It is known from history that prayer meetings were held in honor of the martyrs as early as the first quarter of the second century (cf. St. Ignatius of Antioch). In all probability, they were begun in the period immediately following the first persecution of the Christians — that of Nero. It is apparent that no special ecclesiastical decree was required to authorize the prayerful veneration of this or that particular martyr. A martyr's death itself testified to the reception of a heavenly crown. But the numbering of departed hierarchs and ascetics among the choir of the saints was done individually, and was naturally carried out on the basis of each one's personal worthiness.
It is impossible to give a general answer as to which criteria the Church employed for recognition of saints belonging to this third classification. As regards the ascetics in particular, without a doubt the fundamental, general basis of their glorification was and still is the working of miracles. This is because supernatural evidence is free from human whim or bias. Prof. Golubinsky considers this indication the sole basis for the glorification of ascetics in the history of ecclesiastical canonization. Despite his opinion, however, one may conclude that the commemoration of the great Christian desert dwellers of old, the leaders and guides of monasticism, was kept by the Church for their didactic gifts and their lofty spiritual attainments, apart from a strict dependence on whether they were glorified with the gift of working miracles. They were numbered among the choirs of the saints strictly for their ascetic life, without any particular reference to such a criterion [miracle working].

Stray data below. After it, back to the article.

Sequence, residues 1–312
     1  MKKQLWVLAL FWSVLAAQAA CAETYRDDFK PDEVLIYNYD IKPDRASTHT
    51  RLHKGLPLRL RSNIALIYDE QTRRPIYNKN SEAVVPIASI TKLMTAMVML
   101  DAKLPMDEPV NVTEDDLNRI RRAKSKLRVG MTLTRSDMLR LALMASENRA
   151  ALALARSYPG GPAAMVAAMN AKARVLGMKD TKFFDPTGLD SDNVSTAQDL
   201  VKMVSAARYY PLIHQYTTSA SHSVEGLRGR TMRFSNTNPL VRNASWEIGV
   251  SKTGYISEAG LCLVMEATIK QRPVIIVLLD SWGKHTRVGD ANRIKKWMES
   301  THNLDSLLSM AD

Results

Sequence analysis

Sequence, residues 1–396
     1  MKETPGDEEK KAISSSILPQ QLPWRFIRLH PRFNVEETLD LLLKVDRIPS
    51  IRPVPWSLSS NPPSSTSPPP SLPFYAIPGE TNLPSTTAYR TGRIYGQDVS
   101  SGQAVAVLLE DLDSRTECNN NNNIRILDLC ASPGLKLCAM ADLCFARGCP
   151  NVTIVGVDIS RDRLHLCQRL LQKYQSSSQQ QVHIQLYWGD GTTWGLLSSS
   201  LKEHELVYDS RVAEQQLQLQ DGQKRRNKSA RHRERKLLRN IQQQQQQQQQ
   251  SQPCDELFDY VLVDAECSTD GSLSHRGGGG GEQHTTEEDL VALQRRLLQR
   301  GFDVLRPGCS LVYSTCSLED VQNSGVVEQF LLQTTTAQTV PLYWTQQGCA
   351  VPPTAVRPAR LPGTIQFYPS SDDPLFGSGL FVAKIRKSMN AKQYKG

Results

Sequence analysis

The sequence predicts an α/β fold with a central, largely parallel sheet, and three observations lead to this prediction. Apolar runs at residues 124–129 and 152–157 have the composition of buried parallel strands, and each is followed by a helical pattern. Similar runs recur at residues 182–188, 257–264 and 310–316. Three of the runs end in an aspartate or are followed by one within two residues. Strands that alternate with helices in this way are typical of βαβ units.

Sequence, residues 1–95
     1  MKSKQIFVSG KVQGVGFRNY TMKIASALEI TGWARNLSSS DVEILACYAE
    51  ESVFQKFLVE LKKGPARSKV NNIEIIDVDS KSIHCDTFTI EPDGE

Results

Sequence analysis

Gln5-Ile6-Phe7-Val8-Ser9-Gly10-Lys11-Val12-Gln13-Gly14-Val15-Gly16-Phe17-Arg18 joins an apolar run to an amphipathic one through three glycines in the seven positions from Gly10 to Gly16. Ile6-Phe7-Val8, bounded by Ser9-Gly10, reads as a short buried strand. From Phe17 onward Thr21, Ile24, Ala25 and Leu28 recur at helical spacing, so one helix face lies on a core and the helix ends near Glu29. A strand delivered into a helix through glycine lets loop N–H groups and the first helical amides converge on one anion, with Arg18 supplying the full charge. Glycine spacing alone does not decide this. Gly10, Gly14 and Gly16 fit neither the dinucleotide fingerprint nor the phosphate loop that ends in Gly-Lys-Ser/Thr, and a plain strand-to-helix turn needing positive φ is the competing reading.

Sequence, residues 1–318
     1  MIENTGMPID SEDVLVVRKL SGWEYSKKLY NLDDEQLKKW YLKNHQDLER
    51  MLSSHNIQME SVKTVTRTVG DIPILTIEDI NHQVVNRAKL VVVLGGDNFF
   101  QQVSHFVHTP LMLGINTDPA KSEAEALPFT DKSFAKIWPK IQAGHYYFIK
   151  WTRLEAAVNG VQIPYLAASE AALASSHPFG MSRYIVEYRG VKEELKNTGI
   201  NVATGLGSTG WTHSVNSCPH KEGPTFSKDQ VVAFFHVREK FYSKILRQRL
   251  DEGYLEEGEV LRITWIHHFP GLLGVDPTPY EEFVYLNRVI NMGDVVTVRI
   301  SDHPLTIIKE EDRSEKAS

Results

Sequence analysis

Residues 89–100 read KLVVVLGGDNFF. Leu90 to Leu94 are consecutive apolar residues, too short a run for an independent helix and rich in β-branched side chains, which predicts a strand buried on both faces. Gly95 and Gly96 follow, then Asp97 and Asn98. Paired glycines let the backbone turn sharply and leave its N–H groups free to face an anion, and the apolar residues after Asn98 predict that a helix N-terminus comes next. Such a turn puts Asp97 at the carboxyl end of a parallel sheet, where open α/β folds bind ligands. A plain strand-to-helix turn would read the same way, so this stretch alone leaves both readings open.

The ancient Church's glorification of holy hierarchs should be viewed somewhat differently. Their lofty service itself was the basis of their glorification, just as the martyrs' holy ends were for them. In the Carthaginian Calendar, which dates from the seventh century, there is the superscription: “Here are recorded the birthdays (i.e., the dates of martyrdom) of the martyrs and the days of the repose of bishops whose annual commemoration the Church of Carthage celebrates.” Thus, judging from ancient Greek liturgical calendars, one may surmise that in the Greek Church all Orthodox bishops who did not sully themselves in any way were numbered amongst the choir of the local saints of their diocese, on the basis of the belief that as intercessors before God in this life by their vocation, they remain such even in the life beyond the grave. In the ecclesiastical calendars of the Patriarchate of Constantinople, all the patriarchs of Constantinople who occupied that see between AD 315 (St. Metrophanes) and 1025 (St. Eustathius), with the exception of those that were heretics or for one canonical reason or another were deposed, are recorded in the list of the saints. This compilation, however, was scarcely done in the sequence in which the patriarchs occupied their see. In all probability, the most renowned bishops were recognized as saints immediately following their repose; in the other cases, this inclusion was carried out at some other time.